This is a hard one to answer – yes and no, I suppose. I think my early childhood had more freedoms than that of my own children’s – I lived in a suburban street and I played outside all the time, at friends’ houses, in local woodland even when we were really quite young. I didn’t have to say where I was going or what time I’d be back, I just had to turn up before dark or for tea. I think parents are more worried by stranger danger and dangerous traffic on roads these days. But also sadly, a problem of modern life, especially in urban areas is that are fewer places to play outside as many places may be developed for housing. My own children grew up in a rural area, but the small roads were so busy, and used as cut-throughs for local traffic, that cycling and walking were not very safe. Like all mothers, Tilbury’s Ma wants to protect her little son as much as she can, but of course, she cannot protect him forever. She must be brave and let him begin to find his way in the world, letting him test his own boundaries. Even Tilbury’s Pa must remind Ma that they were young rats once in search of adventure. But Ma will always there for Tilbury with a hot dinner and a warm bed if he should need it.
- There are several very strong themes around greed, trust, cultural history and beliefs. Were they part of your original plans, or did they develop as the story grew?
These themes developed as the story grew. Part of the story was inspired by the myths behind the Koh-i-Noor diamond, a priceless diamond in the Crown Jewels. Queen Victoria gained this diamond by deception from the then 11-year-old Sikh Maharaja, Duleep Singh. This diamond has many stories woven around it, and different claims to its ownership. Queen Victoria would never have wanted to admit to the deception and may indeed have convinced herself she lawfully gained it. But this diamond also holds a curse such that no royal male ever dares wear it. Maybe the curse itself is a story, a hidden narrative of guilt, lies and bloodshed that cannot be ignored.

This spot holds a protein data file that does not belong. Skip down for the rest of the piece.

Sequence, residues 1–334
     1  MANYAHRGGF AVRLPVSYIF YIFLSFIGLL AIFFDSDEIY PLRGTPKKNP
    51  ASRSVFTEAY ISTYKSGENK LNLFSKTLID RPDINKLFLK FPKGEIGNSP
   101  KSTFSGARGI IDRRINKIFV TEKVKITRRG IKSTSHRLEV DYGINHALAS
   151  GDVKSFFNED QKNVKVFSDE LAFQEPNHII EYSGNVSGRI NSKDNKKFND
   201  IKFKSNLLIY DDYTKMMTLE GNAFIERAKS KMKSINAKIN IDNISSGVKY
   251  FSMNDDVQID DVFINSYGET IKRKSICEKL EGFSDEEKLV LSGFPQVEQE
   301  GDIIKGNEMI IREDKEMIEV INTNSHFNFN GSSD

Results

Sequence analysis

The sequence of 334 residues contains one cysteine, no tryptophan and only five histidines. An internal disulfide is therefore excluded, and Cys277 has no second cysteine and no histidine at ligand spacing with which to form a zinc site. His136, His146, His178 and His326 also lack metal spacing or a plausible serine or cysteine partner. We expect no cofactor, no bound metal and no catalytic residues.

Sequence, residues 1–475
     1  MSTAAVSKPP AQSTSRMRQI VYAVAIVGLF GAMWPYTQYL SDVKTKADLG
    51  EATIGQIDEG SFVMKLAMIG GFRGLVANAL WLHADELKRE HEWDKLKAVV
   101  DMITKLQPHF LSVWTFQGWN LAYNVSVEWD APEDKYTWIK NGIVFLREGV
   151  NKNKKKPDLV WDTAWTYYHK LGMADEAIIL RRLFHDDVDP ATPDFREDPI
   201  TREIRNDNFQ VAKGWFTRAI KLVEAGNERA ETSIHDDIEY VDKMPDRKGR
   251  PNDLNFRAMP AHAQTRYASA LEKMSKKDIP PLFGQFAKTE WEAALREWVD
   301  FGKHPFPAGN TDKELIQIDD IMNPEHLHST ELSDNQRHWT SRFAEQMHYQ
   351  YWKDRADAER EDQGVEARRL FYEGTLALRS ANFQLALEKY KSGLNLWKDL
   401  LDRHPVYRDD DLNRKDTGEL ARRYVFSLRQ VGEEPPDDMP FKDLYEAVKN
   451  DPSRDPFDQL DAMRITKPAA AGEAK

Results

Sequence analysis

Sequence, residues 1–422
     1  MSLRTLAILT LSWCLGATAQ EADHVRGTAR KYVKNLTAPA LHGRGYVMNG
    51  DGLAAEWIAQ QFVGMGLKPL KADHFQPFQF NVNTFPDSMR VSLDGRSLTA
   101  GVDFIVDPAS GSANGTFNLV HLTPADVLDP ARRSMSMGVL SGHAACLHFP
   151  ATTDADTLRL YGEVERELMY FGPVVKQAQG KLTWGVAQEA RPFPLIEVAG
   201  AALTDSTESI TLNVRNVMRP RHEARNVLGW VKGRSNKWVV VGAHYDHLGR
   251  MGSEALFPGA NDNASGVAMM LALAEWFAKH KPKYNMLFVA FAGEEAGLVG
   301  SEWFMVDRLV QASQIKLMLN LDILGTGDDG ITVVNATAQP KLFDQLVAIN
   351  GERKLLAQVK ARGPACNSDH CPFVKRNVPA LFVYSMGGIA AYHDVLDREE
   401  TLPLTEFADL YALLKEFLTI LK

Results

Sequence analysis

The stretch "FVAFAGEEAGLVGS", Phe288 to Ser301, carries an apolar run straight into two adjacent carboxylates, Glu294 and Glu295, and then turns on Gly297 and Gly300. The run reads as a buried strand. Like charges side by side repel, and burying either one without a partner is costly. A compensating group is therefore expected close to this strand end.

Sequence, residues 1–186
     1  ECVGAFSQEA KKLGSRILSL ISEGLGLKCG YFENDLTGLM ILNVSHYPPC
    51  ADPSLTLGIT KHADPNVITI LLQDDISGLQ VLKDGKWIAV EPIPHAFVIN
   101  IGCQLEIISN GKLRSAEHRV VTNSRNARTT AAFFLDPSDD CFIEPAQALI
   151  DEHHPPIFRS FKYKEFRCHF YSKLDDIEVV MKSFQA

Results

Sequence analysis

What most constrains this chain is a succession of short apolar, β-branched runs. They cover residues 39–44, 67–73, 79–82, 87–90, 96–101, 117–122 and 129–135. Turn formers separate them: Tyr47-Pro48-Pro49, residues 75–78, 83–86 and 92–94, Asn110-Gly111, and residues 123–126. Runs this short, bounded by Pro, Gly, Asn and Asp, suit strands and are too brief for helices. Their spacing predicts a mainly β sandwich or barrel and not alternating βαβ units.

In Moonflight, I wanted to explore the stories we tell ourselves, those narratives we weave around our own lives to protect us and validate who we are. Sometimes it can be difficult to challenge those stories. I wanted to put Tilbury, a timid little rat, into a tale where he has to search for the truth, and in doing so, gain a greater understanding of himself too.
- Finally, are we likely to see more stories set in this magical world?
At the moment I don’t have any plans, although if there were to be a spin-off I think it would follow Nimble-Quick on her travels. The first draft of Moonflight had other rat groups that ended up being cut from the story. I’d particularly like to revisit the City Rats, large domestic fancy rats that live in the top of the Shard and collect shiny watches and other bling. I’d also like to delve into the Elders’ possessions in the Tower of London, acquired and stolen over the centuries. An earlier draft of Moonflight included a rather mature piece of cheese from the original piece that Samuel Pepys buried to protect in during the Fire of London. So will there be more stories? Not right now, but maybe watch this space!
This really is a highly recommended story and gets five stars from me. I do so hope that we will have more stories from this magical world.